This left us with no way of knowing who was attending the incident and how long they had been there. During the evening many more off-duty firemen arrived at Dumfries station to help out. They organised themselves into teams, picked up their gear and made their way to the scene in their own cars.
The downing of Pan-Am Flight 103 killed 243 passengers, 16 crew, and 11 Scots in the little town onto which the jet crashed
I decided to check the control room to see if the two staff working there needed a hand. This being 1988, and therefore pre-computerisation, the female controllers were doing everything manually.
By now, messages had come back from the fireground that started to reflect the full size of the incident and the scene was quickly labelled a major disaster. Retained crews from across the region were mobilised, the ones nearest the incident were sent directly to it, and crews from further west were moved towards Dumfries to provide fire cover in their absence.
The hard-pressed controllers were working flat out under severe pressure. I was handed an index file and told to telephone the utilities and the council offices to inform them of the ongoing incident. I gave them a rough outline from what I knew and impressed on them all that it was indeed a major disaster and they needed to respond quickly and with significant resources.
The Firemaster, who lived close by, strode into the Control room looking very serious and, having been briefed by the senior controller, took command of the incident. At this stage it was still thought that the airplane involved was a military jet. No mention had been made of a passenger airliner.
He ordered me to take the Turntable Ladder (TTL) to the incident in case it was needed to carry out rescues from rooftops. I was delighted to be given the chance to get across to Lockerbie. I gathered up my firegear and slung it into a locker on the huge vehicle.
Huge chunks of the plane crashed into homes and roads in the Scottish town of Lockerbie
The nosecone of the Maid of the Sea, as the airliner was known, was found in a nearby field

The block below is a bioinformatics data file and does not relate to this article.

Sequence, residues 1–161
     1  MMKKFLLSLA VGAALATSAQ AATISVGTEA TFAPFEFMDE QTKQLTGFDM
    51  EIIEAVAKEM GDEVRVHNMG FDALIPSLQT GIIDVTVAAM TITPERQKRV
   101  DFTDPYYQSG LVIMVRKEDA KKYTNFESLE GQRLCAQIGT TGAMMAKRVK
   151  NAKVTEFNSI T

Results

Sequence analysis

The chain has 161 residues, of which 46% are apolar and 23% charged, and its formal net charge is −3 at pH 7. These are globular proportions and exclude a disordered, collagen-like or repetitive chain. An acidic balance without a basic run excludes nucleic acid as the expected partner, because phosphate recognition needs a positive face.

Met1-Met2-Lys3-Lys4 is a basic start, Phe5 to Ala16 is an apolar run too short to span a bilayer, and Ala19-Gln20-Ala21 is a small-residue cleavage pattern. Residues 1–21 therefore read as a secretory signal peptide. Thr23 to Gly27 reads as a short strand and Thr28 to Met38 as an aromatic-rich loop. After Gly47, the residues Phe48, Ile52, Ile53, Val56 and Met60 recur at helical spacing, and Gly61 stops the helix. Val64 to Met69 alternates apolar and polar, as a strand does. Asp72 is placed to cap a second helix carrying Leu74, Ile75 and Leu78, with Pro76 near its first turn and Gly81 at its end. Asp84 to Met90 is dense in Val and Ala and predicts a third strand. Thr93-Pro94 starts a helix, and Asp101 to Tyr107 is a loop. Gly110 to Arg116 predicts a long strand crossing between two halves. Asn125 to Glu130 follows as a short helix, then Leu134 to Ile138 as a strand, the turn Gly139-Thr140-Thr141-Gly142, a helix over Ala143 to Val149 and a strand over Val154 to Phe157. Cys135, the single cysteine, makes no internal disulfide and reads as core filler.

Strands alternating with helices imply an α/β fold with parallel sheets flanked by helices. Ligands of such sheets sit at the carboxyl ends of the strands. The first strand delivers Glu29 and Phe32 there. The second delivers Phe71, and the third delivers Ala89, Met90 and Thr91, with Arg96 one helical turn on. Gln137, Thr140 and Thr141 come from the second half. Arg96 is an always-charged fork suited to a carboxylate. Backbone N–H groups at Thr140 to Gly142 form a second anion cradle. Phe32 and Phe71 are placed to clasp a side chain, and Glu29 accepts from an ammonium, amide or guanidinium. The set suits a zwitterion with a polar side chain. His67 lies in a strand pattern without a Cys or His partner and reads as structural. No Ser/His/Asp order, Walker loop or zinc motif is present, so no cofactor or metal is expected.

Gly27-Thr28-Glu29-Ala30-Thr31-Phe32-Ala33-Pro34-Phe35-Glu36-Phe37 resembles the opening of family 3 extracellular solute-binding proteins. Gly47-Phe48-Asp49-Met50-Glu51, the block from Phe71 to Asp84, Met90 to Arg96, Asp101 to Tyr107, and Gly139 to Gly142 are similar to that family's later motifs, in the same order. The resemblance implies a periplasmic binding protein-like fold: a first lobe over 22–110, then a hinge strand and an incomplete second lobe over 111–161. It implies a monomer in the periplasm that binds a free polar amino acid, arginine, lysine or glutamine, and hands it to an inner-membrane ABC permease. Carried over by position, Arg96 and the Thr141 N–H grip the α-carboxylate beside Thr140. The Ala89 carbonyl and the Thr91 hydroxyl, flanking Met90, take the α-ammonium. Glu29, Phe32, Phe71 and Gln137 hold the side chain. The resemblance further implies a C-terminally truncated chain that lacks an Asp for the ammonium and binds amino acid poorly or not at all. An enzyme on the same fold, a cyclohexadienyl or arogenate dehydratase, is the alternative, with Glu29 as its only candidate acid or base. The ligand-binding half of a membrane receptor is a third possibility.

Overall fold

Pictures taken on the morning after the tragedy show the destruction the crash caused
I hadn’t driven the TTL since my promotion a year or so before but was a confident driver. An officer jumped in alongside me and started dressing himself as we pulled out of the appliance bay, bells ringing and blues flashing.
A few hundred yards from the fire station I tried to negotiate a difficult corner controlled by traffic lights and cut it a bit short. As I turned in my rear view mirror I could see the front of a Ford Orion being lifted off the ground by the back end of the TTL. I was only moving at about 5 miles an hour and decided the driver of the car probably wouldn’t be injured.
The officer sat next to me was oblivious to the collision. I said nothing and instantly decided to press on to Lockerbie, hoping the occupant of the car would understand why I didn’t stop. (He did, not reporting the accident until several days later).
We could see a glow in the sky above the town as we approached and as we crossed the bridge over the M74 we were met by a truly amazing spectacle. A huge fire was burning to our right-hand side almost on the motorway itself. Smoke was billowing from this and many smaller fires around it. I parked the TTL down a side road and made my way towards the fire.
The devastation in that part of the town was incredible.
Twelve or fourteen of the houses were ablaze in one road. Aviation fuel had fallen onto their roofs and caught alight. Many of these fires had spread down into the rooms below.
Mr Fenton recalls thinking that the devastation and loss of life on the ground might have been even greater had the fuselage come down directly onto a row of houses
Debris from the impact of the wings and part of the fuselage had been blown up into the air and then landed in the streets roundabout, along with the contents of a house that was hit by the wreckage. I remember seeing a half a radiator sticking out of a flowerbed, the remainder had embedded itself deep into the ground.
Everywhere underfoot, the ground was covered in a nine-inch-thick layer of earth, thrown up by the massive impact, mixed in with thousands of small pieces of aluminium – all tiny parts of the plane.
The unmistakable smell of avgas, reminiscent of airport runways, was all-pervading, mixed with huge plumes of billowing smoke.
I was reminded of urban war scenes where two sides had fought an action then pulled out, leaving carnage behind them but not totally destroying the battleground.
Small groups of firemen, in their old-style yellow legs and ‘donkey jackets’ were moving in and out of clouds of smoke, dragging firehoses behind them. Even though it was a dark mid-winter evening the whole fireground was illuminated by the many fires.
Further down the road the biggest fire raged. I was tasked to chaperone a police video cameraman who was filming the scene, for evidential purposes. We walked carefully together towards the major conflagration and crept ever closer, bending low as we did so.